Curiosity driven science is at the centre of Ian's search for knowledge. He is passionate about education and helping students invest in their learning. He recieved the Vice chancellor's award for teaching in 2017. Ian is enthusiastic about experimental science and has been at the forefront of ground-breaking advances in chlamydial transformation and genomics as well as virus discovery and characterisation. His current interests are intracellular pathogens, focusing on the genetics of Chlamydia and he has a long term interest in the development of culture systems for human noroviruses.
- Transposon mutagenesis of Chlamydia species
- Cell culture systems and replicons for human noroviruses
Ian leads a research team that is interested in host-pathogen interactions with special emphasis on intracellular pathogens and diseases for which there are currently no effective vaccines. The Chlamydia research group focusses on basic science with expertise in chlamydial molecular biology, genetics, genomics and evolution. Ian retains an interest in virology, here his specialism is enteric viruses. The ‘Southampton virus’ was the first norovirus to be characterised at the molecular level (published in Science). The group have subsequently developed the first reverse genetics system for noroviruses and the long term aim is to adapt human norovirus to growth in cell culture.
Ian was appointed to the Chair of Molecular Microbiology and Virology in 1998. He graduated in Microbiology (BSc Hons - advanced virology) from the University of Leeds in 1979 and completed his PhD in Molecular Virology at the University of Warwick in 1982 studying genomic variation in rotaviruses. He worked in the biotech industry for two years and then started his academic career as a ‘new blood lecturer’ in microbial pathogenesis at the University of Southampton in 1984. Some of Ian's signficiant contributions are listed below:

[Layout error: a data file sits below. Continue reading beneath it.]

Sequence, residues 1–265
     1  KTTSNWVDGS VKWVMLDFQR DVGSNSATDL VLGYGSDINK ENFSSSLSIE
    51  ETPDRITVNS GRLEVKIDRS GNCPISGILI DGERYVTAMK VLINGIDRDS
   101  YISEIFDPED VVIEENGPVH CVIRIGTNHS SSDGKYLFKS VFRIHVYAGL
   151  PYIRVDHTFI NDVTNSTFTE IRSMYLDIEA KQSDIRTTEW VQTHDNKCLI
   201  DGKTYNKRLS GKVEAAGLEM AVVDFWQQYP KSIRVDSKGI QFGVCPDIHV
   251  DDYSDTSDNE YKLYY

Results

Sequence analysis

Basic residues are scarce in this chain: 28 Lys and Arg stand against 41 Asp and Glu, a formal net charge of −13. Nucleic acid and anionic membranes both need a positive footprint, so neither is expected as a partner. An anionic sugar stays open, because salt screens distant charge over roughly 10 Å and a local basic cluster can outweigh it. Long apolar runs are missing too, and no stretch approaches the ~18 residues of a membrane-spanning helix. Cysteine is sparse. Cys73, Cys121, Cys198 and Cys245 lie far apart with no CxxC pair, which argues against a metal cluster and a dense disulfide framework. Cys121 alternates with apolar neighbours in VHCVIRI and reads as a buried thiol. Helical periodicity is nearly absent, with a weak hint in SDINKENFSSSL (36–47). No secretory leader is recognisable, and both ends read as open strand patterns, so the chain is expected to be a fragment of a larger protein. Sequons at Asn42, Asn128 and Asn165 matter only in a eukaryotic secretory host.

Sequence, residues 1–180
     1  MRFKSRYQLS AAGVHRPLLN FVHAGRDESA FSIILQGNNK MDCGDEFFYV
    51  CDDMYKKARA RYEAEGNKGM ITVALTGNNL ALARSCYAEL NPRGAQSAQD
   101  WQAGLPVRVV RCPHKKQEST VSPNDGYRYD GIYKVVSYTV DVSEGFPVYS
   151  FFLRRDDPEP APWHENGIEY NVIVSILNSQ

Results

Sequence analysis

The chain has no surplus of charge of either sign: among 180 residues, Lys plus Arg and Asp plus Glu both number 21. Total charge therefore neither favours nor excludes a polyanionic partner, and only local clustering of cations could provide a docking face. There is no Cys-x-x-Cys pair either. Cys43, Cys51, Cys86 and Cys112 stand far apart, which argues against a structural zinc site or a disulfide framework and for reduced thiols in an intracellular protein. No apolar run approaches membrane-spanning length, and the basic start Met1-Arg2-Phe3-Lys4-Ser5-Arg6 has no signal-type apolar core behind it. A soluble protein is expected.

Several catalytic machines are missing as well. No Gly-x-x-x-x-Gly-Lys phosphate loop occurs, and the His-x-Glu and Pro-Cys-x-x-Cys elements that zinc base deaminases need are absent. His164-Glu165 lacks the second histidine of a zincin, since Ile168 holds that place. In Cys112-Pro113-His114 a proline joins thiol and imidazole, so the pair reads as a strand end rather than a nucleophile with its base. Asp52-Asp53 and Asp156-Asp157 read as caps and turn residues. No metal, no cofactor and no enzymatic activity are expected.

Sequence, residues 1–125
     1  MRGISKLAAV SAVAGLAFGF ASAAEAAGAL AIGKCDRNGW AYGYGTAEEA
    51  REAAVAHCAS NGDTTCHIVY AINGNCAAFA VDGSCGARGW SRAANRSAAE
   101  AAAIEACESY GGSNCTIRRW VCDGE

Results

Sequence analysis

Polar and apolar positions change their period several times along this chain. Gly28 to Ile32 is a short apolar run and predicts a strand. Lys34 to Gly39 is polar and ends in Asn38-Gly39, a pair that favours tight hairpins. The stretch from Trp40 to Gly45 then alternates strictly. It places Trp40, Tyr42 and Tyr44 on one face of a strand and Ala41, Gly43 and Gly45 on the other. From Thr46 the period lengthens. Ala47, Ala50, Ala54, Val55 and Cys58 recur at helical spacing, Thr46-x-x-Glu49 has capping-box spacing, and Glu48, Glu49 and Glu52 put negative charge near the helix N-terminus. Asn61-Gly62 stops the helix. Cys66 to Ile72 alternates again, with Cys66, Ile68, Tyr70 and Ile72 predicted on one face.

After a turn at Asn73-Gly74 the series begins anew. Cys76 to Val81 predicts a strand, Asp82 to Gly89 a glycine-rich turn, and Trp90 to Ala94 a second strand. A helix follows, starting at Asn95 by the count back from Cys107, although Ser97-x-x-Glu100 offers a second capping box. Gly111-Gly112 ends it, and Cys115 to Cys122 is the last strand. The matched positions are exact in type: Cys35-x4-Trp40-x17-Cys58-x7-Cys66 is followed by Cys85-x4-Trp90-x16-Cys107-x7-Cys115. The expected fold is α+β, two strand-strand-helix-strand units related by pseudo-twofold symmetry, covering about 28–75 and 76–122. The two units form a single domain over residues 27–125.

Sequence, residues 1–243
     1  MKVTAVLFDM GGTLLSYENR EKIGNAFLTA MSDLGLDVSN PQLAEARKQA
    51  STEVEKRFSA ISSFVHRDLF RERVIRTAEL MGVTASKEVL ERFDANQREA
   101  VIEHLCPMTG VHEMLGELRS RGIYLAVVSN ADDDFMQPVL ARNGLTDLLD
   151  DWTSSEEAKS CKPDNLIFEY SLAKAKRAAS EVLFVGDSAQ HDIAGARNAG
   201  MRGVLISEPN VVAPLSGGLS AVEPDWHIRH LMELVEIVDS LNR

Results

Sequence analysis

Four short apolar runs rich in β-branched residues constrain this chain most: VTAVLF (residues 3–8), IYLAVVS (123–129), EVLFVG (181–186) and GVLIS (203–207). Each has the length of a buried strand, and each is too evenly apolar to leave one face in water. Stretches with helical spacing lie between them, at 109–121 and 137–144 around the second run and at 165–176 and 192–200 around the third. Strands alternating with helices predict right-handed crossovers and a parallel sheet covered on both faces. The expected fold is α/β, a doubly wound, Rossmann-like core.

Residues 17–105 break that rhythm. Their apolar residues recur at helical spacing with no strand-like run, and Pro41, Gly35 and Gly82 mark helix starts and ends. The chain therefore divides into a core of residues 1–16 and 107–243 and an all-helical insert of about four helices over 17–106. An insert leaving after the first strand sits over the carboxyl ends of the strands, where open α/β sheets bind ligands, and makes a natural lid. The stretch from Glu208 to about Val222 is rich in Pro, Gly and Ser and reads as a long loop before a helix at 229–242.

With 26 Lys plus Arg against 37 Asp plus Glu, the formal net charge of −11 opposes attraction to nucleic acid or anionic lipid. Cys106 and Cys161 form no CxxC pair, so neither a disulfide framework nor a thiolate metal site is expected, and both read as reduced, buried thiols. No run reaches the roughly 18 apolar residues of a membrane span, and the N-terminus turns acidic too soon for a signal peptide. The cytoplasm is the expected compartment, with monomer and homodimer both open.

He set up and co ordinated the third year UG course Molecular Virology FM301 for 20 years. He also established teaching of molecular biology and molecular genetics for medical students following his appointment in 1984. He was promoted to Senior lecturer in 1991 and Reader in 1997.
Ian joined the senior leadership team and oversaw the re structuring and transition of the medical school from Professorial groups to Research Divisions in 1998 as Director of the Division of Cell and Molecular Medicine from 1998 - 2001. He then served as head of the sub Division Tissue Infection and Repair from 2004 to 2009.
Ian and Professor Tony Sampson ( Director of Division of Allergy and Inflammation) co lead the successful application for a SRIF grant of £10 million from the Wellcome Trust to refurbish the research facilities in the South Laboratory and Pathology building at Southampton University Hospital. This included the construction of a new Class 3 containment suite. These activities facilitated the establishment of the current School of Clinical and Experimental Sciences.
External to the Faculty Ian has been a grant committee/panel member for multiple organisations both in the UK (Wellcome, MRC, FSA) and also for overseas grant study groups.
Ian was chair of the European Society for Chlamydia Research (2012-2016) and together with his team organised the Eighth meeting of the European Society for Chlamydia research, held in Oxford 6-9th September 2016.
Ian is interested in microbial evolution and has written several discourses on these subjects both for Chlamydia and noroviruses. In particular he was chair of the Calicivirus study group which brought order to the nomenclature and introduced the term norovirus to the lexicon (see 9th report of the ICTV)